Interestingly, neither potatoes nor green chillies were native to Bengal till a few centuries back when the Portuguese introduced them to India, indicating the modern day puchka was possibly not always to be seen in its current form in Bengal. Another interesting fact is that a large number of puchka-wallahs in Kolkata hail from UP and Bihar and are not Bengali and they would have brought in their own perspectives to the dish. The closest I have come across to the puchkas of Kolkata are the paani ke batashes in Lucknow. In Kolkata, my favourite puchka haunts are around the New Empire cinema and outside the South City mall. This is simply because these are the areas I frequent a lot when in the city. Puchka-wallahs are spread across the city and many have their local favourites.

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Talking of North India, Kolkata has a strong kachori and radha bollobi culture. Thekhasta kachoris of Kolkata are similar to the khastas that I have tried in shops like Vajpayee Kachori Bhandar in Lucknow. Kachoris are popularly sold in sweets shops in Kolkata such as Ganguram's whose founder had come to Kolkata from Varanasi a century back. His descendants run the chain today. My favourite place for kachoris in Kolkata is a tiny shop called Maharani near Deshopriya Park where Ram Chandra Gupta serves freshly fried kachoris, unlike in the sweet shops where they are served cold or microwaved. Mr. Gupta came to Kolkata from Varanasi too!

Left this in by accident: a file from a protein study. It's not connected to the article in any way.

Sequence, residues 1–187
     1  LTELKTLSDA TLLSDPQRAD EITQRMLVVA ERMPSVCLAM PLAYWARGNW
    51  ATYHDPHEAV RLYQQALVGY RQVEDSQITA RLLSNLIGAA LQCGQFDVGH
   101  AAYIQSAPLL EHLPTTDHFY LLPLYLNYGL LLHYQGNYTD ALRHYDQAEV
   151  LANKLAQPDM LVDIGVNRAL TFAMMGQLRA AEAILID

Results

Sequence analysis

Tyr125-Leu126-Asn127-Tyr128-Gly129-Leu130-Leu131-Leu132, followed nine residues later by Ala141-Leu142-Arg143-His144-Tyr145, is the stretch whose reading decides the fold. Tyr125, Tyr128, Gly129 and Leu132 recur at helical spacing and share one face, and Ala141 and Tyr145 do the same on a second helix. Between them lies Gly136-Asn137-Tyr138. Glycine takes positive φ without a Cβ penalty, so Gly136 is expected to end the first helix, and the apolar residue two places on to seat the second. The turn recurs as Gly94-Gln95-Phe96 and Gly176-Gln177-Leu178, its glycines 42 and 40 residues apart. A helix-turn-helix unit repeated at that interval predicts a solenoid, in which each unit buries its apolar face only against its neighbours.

For Khasta Kachori, I just love the ones at a sweet shop called Mithai near the Ice Skating Rink.


Chops/ Cutlets

Kolkata has a strong chop cutlet culture and today you will see chops sold at the small roll counters spread across the city, including in the suburbs. The DNA of these dishes possibly can be traced to the kitchens of the British clubs of Kolkata. The egg chop belongs to the same family as the Scotch Egg, except that the sausage casing of the later is replaced by a mashed potato casing in the deemer chop (egg chop). As a genre, the fish, meat and vegetable (beetroot and potato) chops have parallels in the croquettes that the Spanish love so much. The Bengali chops are more heavily spiced than the jamon (ham) and cheese based croquettes of Spain of course. Both are deep fried. One in vegetable oil and the other in olive oil.